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William Burke & William Hare
The Body Snatchers

William Burke & William Hare
AKAThe Body Snatchers
DOBBoth 1792
OccupationLabourers
Kill Total16 +
Kill PlaceEdinburgh
Kill Date1827 - 1828
M.O.Suffocation
VictimUnknown
William Hare,  originally from Northern Ireland, moved to Scotland to work as labourers on the Union Canal he also ran a lodging house. Willliam Burke came over from County Tyrone in 1815, also to wortk on thje canal, probably where they met.  Ever aware of the needs of the market, Burke and Hare set themselves up as procurers of human bodies to satisfy the demand of Edinburgh's medical schools.

Originally the two would dig up the graves of the recently departed in the dead of night, steal the body and then sell it for cash to a doctor for use during anatomy demonstrations. Tired of digging, the two entrepreneurs started murdering people in Edinburgh's old town and selling the bodies on an "ask no questions basis." They killed their victims by thier trademark method of suffocation which would later become known as ‘Burking', leaving no tracer of foul play.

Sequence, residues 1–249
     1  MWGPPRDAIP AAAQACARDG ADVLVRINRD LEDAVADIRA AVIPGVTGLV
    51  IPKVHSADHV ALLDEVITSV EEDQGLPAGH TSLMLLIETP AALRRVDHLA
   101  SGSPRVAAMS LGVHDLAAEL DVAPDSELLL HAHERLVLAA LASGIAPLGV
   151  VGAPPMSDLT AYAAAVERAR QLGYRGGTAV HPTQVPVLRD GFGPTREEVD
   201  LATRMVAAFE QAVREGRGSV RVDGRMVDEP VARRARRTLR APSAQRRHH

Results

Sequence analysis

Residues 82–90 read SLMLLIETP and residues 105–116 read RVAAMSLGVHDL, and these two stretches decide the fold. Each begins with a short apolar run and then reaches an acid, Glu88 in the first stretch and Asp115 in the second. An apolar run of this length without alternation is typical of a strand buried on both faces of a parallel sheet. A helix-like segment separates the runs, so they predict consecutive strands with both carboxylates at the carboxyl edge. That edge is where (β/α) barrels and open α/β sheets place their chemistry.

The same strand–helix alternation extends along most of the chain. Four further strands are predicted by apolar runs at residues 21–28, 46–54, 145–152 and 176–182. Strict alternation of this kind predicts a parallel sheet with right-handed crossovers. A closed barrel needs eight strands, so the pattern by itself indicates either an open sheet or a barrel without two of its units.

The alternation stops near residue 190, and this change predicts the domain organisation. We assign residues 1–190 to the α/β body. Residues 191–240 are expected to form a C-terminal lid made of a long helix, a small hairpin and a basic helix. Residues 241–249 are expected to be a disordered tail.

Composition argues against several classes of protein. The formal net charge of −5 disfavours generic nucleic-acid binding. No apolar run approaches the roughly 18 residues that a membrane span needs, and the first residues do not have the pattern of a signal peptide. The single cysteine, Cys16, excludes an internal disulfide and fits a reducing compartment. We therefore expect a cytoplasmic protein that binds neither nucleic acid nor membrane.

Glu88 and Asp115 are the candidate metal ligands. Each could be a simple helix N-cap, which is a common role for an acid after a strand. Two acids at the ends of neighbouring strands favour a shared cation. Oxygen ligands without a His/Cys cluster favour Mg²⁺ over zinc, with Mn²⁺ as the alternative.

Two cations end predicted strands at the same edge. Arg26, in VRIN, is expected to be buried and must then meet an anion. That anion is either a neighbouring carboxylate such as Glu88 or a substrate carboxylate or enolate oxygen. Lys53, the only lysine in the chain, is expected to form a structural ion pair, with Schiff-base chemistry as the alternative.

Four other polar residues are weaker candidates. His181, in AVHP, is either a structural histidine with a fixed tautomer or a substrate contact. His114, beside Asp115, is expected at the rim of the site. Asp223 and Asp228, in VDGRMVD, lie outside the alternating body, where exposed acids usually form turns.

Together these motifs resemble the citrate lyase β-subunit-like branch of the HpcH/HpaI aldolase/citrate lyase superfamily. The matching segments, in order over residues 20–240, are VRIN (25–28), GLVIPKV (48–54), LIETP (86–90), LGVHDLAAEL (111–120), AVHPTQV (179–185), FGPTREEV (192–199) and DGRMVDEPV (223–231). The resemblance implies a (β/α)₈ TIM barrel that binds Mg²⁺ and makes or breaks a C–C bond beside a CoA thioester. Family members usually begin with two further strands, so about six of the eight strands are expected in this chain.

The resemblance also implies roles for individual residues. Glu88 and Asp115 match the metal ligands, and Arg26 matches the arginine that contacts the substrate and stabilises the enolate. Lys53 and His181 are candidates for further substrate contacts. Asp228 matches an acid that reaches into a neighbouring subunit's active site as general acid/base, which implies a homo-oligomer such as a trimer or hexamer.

The murder of their 16th victim led to their arrest after a body was found under the bed of William Burke. A bribe of £10 per week was attempted to keep the witness quiet but they refused, annd called the police.
Burke's mistress and Hare's wife were also arrested. Because the courts had little evidence to prosecute them successfully, the Lord Advocate, Sir William Rae, offered Hare immunity from prosecution if he would turn King's evidence.

28th January 1830, The evidence Hare and his wife provided sent Burke to his death on the gallows while his mistress Helen MacDougall escaped when the charges against her were found not proven.

William Hare is said to have died a penniless and blind pauper in London in 1859, having been a beggar in his last few years. Robert Knox - the doctor who willingly bought most of Burke and Hare's bodies was never prosecuted.

In a strange twist of fate, Burke’s body was donated to the medical school for what they called "useful dissection". His skeleton is still on display at the University Medical School in Edinburgh, 


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